Friday, October 12, 2007

"Been to the Mountaintop"

Just before his death in 1968, Martin Luther King preached what would be a prophetic sermon. As he reflected on the years of civil rights movement, he had come to realize that he had "been to the mountaintop" and that he "had seen the promised land." Sadly, prophetically, he then proclaimed that he "may not get there with you..."

One day later he was dead.

We walked today in the places he once walked. We sat in the pews of the church he preached in. We were in the very room in which he called for the formation of a city wide bus boycott in Montgomery, a civil disobedience that would help to change the civic behavior of the nation. We stood for a photo on the front steps of his church, one block from the Alabama State Capitol on whose steps Jefferson Davis took the oath of office as President of the Confederate States of America in 1861.

This was one day of living!

32 kids from a suburban high school in California came face to face with the man whose name is that school. 3000 miles away from the familiarity of Martin Luther King High, we found ourselves introduced to the Martin Luther King of history. Today we found that his was not just a name painted on stucco and printed on letterhead. His was a name that is carved into the conscience of our nation. From the humblest of beginnings, he mustered his courage, gathered himself and took a place on the starting line of what would become one of the greatest races ever contested on American soil. With the sweat of conviction, the heart of compassion, the power of love, and the focus of a warrior, he won the race.

And we were there today, at the starting line. It felt like a mountain top.

What an amazing experience it was! Our cross country kids were ambassadors of a school from across the country ... and they nailed it! Attentive, respectful, inquisitive and responsive, they listened and learned through an amazing multi-media presentation at the Rosa Parks Institute and Museum. From there we loaded the vans and made the short drive to King's church.

Dexter Avenue is only a few blocks away. On the way up the broad avenue, our kids looked out the windows of the van as we passed a large fountain at one end of the street, a marker of where they once auctioned black slaves. Quickly coming into view at the other end is that gleaming capitol building, a marker of secession; it's white dome towers. Bookends of hatred and injustice.

But there in the middle of the two stands a Baptist church, it's skin is colored red, it's name shares it's street address. It seems inconspicuous at first, as most churches seemingly do. It appears humble and non-descript. But as we walked in those doors, we heard the story of a preacher man who roared the gospel of Love, courage, forgiveness, redemption and justice. His was the ultimate tough love story; of good overcoming evil with good. Those worn pews and walls whispered the aged truths of the Bible: "Love your enemy" "do good to those who persecute you" and "turn the other cheek". Like the best book on the shelf, Dexter Baptist stands between black and white, its red-colored cover begging to be opened and read. It stands: Bookends not necessary.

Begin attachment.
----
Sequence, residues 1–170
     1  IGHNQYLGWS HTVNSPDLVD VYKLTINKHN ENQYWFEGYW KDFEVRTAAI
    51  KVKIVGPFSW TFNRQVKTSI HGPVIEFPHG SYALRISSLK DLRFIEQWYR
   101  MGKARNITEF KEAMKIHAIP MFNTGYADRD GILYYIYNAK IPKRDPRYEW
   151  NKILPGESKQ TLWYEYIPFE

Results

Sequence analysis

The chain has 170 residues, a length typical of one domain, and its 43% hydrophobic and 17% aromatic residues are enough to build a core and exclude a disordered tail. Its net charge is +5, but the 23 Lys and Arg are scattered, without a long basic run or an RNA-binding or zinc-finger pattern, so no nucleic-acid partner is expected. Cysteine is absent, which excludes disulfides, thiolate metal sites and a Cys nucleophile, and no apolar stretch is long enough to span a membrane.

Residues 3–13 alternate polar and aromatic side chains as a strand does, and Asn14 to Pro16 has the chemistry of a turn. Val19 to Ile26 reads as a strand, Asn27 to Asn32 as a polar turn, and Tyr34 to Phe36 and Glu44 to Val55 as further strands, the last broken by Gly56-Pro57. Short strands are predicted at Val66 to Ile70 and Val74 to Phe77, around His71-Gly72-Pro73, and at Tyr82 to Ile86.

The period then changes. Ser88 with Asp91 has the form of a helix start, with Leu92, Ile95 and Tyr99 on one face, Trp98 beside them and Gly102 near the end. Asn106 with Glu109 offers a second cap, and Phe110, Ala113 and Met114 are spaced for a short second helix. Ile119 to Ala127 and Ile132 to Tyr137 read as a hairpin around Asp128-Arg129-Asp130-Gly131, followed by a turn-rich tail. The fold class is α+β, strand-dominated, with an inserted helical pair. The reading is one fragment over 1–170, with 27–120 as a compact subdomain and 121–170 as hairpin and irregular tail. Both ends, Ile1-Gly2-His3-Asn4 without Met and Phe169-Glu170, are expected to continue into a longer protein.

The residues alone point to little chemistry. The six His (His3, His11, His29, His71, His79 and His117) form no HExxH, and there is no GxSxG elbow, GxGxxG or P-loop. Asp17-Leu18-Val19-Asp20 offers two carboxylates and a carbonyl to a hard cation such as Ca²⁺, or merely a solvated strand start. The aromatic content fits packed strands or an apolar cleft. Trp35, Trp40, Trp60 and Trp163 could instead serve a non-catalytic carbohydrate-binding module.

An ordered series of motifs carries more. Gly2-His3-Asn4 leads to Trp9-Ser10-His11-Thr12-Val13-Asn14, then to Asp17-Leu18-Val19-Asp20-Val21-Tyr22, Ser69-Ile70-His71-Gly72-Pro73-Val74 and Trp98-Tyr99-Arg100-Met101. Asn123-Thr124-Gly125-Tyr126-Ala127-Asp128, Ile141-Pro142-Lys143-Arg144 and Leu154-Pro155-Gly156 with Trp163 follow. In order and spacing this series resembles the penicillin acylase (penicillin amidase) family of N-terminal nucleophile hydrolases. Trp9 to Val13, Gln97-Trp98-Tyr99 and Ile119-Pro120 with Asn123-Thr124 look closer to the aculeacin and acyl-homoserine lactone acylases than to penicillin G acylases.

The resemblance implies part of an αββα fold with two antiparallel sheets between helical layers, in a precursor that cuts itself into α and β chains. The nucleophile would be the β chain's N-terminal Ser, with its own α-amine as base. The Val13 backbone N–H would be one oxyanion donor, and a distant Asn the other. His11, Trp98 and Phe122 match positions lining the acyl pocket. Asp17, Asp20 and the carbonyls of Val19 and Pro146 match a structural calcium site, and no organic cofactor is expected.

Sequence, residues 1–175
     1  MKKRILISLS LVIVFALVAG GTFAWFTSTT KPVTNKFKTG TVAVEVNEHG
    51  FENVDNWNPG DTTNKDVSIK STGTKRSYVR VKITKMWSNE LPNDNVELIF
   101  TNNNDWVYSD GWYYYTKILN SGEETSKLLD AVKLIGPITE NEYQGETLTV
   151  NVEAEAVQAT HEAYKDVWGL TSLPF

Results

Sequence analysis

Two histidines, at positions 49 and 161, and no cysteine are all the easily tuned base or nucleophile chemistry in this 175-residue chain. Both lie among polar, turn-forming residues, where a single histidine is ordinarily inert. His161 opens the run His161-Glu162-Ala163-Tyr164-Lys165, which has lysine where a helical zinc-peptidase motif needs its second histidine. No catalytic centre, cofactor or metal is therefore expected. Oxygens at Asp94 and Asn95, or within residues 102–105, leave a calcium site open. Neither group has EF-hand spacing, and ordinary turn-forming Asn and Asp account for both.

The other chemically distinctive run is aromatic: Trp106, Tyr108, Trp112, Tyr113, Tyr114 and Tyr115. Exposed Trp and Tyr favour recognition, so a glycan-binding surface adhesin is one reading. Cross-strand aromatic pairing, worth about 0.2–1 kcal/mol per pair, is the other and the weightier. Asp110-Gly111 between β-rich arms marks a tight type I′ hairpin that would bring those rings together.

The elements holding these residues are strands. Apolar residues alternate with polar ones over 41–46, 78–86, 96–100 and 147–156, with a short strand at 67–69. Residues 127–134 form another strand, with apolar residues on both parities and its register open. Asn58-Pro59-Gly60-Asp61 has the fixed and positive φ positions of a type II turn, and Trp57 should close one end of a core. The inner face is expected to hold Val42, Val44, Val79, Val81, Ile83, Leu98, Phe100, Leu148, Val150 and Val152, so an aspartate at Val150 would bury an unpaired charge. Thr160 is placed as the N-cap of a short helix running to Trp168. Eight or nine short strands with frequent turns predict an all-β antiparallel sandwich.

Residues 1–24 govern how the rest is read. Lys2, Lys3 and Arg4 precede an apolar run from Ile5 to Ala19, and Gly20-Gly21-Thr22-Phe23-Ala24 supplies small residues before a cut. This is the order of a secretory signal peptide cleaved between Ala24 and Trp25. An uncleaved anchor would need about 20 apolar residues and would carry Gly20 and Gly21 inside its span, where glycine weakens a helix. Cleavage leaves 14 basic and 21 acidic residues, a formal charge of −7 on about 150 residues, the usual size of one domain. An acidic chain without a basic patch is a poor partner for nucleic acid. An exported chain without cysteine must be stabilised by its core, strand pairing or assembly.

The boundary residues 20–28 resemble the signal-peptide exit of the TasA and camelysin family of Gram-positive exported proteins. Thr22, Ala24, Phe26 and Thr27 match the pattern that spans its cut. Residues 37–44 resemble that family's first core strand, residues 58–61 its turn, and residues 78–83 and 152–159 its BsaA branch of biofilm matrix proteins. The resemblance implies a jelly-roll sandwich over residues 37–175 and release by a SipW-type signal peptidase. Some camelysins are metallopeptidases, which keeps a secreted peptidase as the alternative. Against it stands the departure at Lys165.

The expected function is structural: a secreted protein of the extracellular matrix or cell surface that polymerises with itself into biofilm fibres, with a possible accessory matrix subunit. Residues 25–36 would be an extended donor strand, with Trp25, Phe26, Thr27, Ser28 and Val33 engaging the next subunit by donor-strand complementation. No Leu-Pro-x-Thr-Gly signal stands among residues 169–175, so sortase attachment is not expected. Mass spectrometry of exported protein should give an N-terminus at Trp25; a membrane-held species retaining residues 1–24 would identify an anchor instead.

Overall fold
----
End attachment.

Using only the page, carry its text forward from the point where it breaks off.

We lingered. We listened. We learned .... we, King High.


  1. We knew of your enthusiasm for running, Coach, but it wasn't until this post that we realized your great love of history as well. MLK comes alive once again in your words of praise; his sense of committment to a goal greater than himself is evident in all you describe. The cc kids from "the school in the California desert" are lucky to experience not only these scenes of historical importance, but your own unique passion for what they all mean now.

  2. wow, these kids should be very proud to have a coach like you not only do you give to them as a coach but as a man who deeply cares about their lives and the things that they will cherish for a lifetime. thank you for beigh so supportive of them and for teaching them a bit of history

  3. coach peters, wow what a great adventure you have led our kids to. they will never forget it. oh, by the way, your kids back here in the desert are working hard saw them running thursday and friday

  4. I've just read your blog, and I must say I am impressed. I wish I had the opportunity to experience firsthand the spots where monumental history was taking place. I feel as a nation, we have finally started to embrace the teachings of King, Gandi, and other preachers of liberty. King had the right idea when he emphasized open, peaceful resistance, while he was imprisoned in Birmingham. Best of luck to you for the rest of the year.


  5. Mr. Peters, I am truely moved by this blog that you created. I have knwon from the moment that I entered your classroom on the first day of school that you have a very unique interest in the subject oh history. This blog, however, really does take the cake. When looking back on this experience that you had the opportunity of having we look back on the overwhelming importance of civil disobedience in the form of nonviolent resistance. Like King Jr. we must remember that nonviolent resistance can go a long way and that one person can truely make a differnce.